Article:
The freedom that Muslims enjoy when they kneel for daily prayers is the same freedom that Christians enjoy when they dress up and go to church on Sundays. The freedom Westboro Baptist Church enjoys when it screams hate in the faces of funeral mourners is the same freedom that Tom Perkins enjoys when he smugly suggests that rich people like him should get more votes. The freedom heterosexuals enjoy when they casually enter the county clerk's office to obtain a marriage license is the same freedom homosexual couples now seek. In these examples, none of these people exploit any kind of "special" rights. The U.S. Constitution protects each of them identically.
The framers of the Constitution knew, and we should not forget today, that there is no more effective practical guaranty against arbitrary and unreasonable government than to require that the principles of law which officials would impose upon a minority must be imposed generally. Conversely, nothing opens the door to arbitrary action so effectively as to allow those officials to pick and choose only a few to whom they will apply legislation, and thus to escape the political retribution that might be visited upon them if larger numbers were affected. Courts can take no better measure to assure that laws will be just than to require that laws be equal in operation.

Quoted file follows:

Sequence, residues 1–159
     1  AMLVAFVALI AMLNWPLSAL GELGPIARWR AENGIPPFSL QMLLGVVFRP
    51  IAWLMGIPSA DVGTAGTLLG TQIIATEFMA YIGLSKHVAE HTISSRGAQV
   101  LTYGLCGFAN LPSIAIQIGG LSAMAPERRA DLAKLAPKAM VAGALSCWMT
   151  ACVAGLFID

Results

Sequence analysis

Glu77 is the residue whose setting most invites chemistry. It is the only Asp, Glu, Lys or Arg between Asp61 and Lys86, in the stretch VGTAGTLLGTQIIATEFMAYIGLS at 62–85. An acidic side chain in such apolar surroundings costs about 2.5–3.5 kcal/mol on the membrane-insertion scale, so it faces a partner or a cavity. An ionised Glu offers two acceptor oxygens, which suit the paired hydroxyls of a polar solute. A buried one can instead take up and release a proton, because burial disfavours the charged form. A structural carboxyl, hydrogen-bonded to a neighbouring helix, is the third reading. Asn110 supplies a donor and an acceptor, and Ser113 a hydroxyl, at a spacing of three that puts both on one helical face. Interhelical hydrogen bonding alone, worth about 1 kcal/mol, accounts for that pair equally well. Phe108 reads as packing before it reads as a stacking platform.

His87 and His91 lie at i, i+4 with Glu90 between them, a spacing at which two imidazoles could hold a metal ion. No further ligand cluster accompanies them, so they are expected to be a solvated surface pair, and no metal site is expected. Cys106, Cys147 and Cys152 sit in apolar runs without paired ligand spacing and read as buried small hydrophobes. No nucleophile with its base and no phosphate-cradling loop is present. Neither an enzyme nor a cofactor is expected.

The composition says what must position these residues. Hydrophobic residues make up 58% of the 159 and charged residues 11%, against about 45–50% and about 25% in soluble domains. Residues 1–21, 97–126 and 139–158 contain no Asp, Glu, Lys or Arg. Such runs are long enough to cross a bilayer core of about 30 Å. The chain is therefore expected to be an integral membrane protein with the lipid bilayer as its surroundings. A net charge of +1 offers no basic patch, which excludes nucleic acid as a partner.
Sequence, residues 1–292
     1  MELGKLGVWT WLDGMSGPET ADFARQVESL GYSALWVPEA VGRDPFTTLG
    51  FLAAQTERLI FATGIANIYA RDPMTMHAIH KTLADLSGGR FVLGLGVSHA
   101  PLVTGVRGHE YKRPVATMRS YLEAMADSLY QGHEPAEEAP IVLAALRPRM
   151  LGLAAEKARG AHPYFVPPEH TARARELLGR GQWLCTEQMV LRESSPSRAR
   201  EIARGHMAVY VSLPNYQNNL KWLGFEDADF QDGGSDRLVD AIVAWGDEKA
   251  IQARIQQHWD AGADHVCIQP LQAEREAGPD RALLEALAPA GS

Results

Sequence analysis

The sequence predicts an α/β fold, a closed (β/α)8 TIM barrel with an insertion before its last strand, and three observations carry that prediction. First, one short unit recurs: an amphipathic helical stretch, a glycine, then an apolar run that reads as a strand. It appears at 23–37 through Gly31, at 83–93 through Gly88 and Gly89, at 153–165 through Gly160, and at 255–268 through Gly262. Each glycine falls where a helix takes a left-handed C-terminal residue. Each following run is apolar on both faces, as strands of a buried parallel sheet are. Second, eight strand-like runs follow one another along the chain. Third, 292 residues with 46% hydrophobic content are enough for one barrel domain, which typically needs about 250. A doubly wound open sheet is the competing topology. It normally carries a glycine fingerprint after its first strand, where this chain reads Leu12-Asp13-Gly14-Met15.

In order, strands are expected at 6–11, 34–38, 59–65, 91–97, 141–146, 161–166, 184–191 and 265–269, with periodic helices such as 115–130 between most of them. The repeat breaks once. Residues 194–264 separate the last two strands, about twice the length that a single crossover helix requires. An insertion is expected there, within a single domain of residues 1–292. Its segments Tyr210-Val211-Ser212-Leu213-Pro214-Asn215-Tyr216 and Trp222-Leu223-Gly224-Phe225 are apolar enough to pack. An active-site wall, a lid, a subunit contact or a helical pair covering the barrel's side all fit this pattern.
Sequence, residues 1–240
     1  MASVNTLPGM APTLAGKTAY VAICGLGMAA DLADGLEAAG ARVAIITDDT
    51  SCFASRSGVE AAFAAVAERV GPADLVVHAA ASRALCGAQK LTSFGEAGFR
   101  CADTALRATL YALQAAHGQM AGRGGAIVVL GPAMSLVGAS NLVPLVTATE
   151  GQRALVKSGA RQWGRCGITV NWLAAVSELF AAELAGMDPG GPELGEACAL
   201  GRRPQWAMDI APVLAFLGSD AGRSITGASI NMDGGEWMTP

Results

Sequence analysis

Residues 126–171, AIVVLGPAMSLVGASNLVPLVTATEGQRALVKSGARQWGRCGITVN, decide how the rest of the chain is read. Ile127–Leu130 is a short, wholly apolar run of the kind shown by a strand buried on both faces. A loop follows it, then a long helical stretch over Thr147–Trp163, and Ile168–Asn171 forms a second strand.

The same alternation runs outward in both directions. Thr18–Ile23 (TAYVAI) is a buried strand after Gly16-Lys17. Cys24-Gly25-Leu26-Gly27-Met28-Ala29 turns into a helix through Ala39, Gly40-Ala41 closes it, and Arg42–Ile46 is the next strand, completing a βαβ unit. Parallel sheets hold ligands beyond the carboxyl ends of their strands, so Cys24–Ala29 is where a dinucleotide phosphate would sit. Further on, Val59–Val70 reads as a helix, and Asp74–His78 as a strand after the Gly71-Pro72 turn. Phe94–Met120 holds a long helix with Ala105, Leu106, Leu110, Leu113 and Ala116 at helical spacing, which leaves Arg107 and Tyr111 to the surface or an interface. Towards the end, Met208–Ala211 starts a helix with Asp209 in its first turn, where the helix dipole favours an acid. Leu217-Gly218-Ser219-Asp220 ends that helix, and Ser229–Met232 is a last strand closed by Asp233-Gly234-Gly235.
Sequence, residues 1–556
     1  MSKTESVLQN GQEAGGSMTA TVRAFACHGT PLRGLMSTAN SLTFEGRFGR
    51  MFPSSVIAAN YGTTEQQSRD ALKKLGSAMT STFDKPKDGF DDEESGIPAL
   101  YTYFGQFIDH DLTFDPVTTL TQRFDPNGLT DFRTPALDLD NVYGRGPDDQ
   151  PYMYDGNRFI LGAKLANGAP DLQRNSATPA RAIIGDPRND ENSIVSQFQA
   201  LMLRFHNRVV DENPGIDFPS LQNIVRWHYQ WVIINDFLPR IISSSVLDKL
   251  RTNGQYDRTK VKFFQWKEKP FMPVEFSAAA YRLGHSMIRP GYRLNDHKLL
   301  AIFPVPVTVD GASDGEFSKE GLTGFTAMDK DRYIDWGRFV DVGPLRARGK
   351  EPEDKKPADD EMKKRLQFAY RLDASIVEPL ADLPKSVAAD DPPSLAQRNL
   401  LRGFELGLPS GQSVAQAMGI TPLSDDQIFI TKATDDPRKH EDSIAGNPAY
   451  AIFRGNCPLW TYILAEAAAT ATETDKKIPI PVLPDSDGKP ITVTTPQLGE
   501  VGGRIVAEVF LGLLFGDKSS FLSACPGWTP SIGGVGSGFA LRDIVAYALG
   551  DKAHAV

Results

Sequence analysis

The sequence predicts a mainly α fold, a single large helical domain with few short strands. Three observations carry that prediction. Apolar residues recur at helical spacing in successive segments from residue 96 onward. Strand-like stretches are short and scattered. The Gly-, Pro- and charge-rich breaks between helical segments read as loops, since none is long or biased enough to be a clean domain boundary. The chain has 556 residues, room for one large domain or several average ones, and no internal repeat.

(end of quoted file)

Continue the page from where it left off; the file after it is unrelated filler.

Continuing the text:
Railway Express Agency v. New York, 336 U. S. 106, 112-113 (1949) (Jackson, J., concurring).
The legal battle for marriage equality isn't about private sexual behavior. It's not about the "lifestyle" of homosexuality. Attorneys for same-sex couples don't endorse the intimate details of their clients' lives any more than attorneys for the KKK endorse their clients' hateful beliefs. Advocating for someone's constitutional rights requires no concern for details such as these.
The legal battle for marriage equality is about self-determination. It's about the right of all Americans to decide for themselves how they will live their lives, free of interference from their fellow citizens and their government. It's about securing "the Blessings of Liberty" for everyone as promised by the Constitution. This principle protects everyone identically, no matter how popular or unpopular their beliefs, words, or intimate behavior may be.
While our democracy incorporates and elevates the will of the majority, it must allow even the most unpopular groups to live free of interference. Those now comfortably in the majority should be mindful and protective of the rights of minorities to self-determine. After all, a majority today could easily be a minority tomorrow, and find themselves the target of hatred and oppression from which they, too, will seek protection. Will those protections, built into the Constitution and enforced by the courts, still be in place when they need them? Or will they have been dismantled at the hands of a majority which may no longer exist and whose members may someday fear for their very survival?